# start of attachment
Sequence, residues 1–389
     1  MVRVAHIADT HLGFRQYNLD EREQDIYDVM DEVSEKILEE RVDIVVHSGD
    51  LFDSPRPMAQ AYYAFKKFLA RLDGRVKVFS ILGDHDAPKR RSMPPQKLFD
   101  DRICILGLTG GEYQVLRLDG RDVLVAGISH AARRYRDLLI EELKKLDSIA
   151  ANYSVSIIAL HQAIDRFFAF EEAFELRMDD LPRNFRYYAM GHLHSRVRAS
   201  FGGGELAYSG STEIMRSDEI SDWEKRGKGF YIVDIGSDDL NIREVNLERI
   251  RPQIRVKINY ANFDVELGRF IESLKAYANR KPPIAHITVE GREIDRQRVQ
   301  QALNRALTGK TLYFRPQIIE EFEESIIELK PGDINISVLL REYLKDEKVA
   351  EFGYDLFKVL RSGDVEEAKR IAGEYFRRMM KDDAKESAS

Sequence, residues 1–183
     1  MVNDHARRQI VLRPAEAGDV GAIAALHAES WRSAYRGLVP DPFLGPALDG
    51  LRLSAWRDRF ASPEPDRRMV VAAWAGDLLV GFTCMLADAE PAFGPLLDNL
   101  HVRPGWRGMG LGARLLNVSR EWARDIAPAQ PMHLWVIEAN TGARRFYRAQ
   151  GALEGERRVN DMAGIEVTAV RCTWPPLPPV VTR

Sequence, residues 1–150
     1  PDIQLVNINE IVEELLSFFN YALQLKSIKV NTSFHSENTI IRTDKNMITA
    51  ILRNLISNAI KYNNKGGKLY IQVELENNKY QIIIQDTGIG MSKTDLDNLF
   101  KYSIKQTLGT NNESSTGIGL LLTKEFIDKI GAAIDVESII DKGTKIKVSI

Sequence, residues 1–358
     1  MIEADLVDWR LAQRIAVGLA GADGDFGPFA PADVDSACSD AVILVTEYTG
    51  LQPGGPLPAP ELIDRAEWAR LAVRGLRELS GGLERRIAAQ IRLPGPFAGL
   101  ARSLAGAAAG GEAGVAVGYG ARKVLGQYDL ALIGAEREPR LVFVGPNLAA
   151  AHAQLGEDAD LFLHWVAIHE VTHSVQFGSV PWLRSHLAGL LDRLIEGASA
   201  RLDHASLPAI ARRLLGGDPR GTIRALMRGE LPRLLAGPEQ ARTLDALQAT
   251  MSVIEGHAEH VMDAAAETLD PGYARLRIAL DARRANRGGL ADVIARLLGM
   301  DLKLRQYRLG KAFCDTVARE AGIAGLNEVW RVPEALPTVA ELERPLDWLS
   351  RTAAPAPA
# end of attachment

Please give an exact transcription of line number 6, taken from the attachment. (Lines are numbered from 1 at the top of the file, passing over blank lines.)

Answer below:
   201  FGGGELAYSG STEIMRSDEI SDWEKRGKGF YIVDIGSDDL NIREVNLERI